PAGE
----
Pentagon: Post surge troop levels 140,000

February 25, 2008 6:05:13 PM PST
The Pentagon is projecting that when the U.S.

troop buildup in Iraq ends in July there will be about 8,000 more troops on the ground than when it began in January 2007, a senior general said Monday.

Lt. Gen. Carter Ham, operations chief for the Joint Chiefs of Staff, told reporters that by July the troop total is likely to be 140,000. That compares with 132,000 when President Bush approved orders to send an additional five Army brigades to Iraq to improve security and avert civil war.

House Speaker Nancy Pelosi, D-Calif., said the announcement showed that Bush's troop buildup was not a temporary measure.

Democrats said when they regained control of the Congress in the November 2006 elections that they would force Bush to end the war but have failed to achieve that.

"As we approach the fifth anniversary of the Iraq war, Americans continue to demand a new direction in Iraq and reject a continuation of the President's plan for a 10-year, trillion dollar war in Iraq," Pelosi said.

Ham also announced that the Pentagon believes U.S. force levels in Afghanistan will stand at 32,000 in late summer, up from about 28,000 currently. The current total is the highest since the war began in October 2001, and another 3,200 Marines are scheduled to deploy to Afghanistan this spring.

It had been widely expected that some support troops sent to Iraq with the five extra brigades would need to remain, even after July. But until now it was not clear what their number would be.

Ham stressed that his projected number of 140,000 is subject to change depending on security conditions, but it is the first time the Pentagon has publicly estimated what the total will be.

There currently are about 158,000 U.S. troops in Iraq.

Among the support forces to be needed beyond July, Ham said, are military police, logistics troops, aviation forces and a headquarters staff to command combat forces in an area south of Baghdad. The headquarters of the 3rd Infantry Division was installed there as part of Bush's "surge" of forces in April; it will be replaced this summer by an unspecified unit, Ham said.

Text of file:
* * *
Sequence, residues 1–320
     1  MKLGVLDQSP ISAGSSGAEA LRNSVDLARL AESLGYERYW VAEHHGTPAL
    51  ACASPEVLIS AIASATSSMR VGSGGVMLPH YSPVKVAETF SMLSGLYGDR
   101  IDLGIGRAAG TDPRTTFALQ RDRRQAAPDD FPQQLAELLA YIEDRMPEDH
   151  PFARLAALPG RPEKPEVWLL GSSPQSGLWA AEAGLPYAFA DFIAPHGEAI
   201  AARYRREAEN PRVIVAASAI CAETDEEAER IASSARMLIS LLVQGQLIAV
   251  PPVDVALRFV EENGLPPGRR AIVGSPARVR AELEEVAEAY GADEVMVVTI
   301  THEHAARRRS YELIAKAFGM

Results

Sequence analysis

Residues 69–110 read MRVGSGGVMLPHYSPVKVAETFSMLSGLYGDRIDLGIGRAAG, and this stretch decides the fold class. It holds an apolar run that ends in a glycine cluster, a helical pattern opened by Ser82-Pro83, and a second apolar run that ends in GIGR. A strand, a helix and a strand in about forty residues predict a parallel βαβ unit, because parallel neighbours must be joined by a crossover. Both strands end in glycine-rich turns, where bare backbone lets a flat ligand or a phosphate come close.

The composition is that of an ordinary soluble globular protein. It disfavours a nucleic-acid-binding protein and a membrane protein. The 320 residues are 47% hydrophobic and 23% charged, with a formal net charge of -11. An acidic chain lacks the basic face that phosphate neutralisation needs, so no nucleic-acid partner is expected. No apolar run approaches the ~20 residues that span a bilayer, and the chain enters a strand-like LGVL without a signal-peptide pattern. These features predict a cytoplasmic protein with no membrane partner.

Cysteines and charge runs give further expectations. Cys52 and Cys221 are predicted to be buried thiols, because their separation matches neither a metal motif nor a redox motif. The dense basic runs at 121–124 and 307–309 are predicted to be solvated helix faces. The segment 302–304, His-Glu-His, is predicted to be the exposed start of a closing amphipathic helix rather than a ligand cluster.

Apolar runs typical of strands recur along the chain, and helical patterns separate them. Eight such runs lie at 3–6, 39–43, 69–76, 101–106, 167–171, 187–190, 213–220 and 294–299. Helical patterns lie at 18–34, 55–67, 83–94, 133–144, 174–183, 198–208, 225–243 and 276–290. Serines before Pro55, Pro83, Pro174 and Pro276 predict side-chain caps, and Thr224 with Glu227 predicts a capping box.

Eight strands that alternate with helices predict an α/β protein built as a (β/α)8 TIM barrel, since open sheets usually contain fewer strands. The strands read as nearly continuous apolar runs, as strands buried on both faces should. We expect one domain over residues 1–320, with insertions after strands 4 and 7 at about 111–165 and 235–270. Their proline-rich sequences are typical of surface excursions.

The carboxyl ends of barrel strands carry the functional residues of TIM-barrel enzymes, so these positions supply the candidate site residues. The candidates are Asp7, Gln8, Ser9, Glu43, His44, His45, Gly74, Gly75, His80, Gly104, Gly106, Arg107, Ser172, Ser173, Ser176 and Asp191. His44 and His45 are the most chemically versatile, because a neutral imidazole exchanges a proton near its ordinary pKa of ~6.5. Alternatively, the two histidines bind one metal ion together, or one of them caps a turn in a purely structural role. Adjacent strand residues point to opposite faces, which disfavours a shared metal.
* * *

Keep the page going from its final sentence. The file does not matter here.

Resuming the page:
One reason for keeping a higher number of U.S. security forces is that the plan for transitioning responsibility for detention facilities to the Iraqi government "has not progressed as rapidly as we would like," Ham said. "So there is a need to have the (American) force sustained."

Ham said it was not possible to know how long troop levels would stay at 140,000. He noted that the Joint Staff and other military organizations are studying post-July troop levels and will make recommendations to Bush this spring.

The general, asked if the total would be below 132,000 by the time Bush leaves office next January, said, "It would be premature to say that."

When Bush announced his decision last September to reinforce troop levels in Iraq, he said an extra 21,500 combat troops, including the five Army brigades, would be sent. Eventually it became clear that another 8,000 support forces were required as well, although they got less public attention.

So far, one of the five extra Army brigades in Iraq has returned without being replaced, reducing the number of brigades from a peak of 20 to 19. Ham said the number would drop to 18 in March. By July it will fall to 15.

Separately, the Pentagon announced that an Army general who was among those thought to be a possible successor to Gen. David Petraeus as the top American commander in Iraq is being given a different assignment.

Lt. Gen. Stanley McChrystal is now commander of Joint Special Operations Command, heading U.S. special operations in Iraq. In his new assignment, McChrystal will be director of the Joint Staff at the Pentagon, replacing Lt. Gen. Walter Sharp, who has been named the new commander of U.S. forces in South Korea.

No date has been set for Petraeus to end his tour in Iraq. He arrived there in February 2007.


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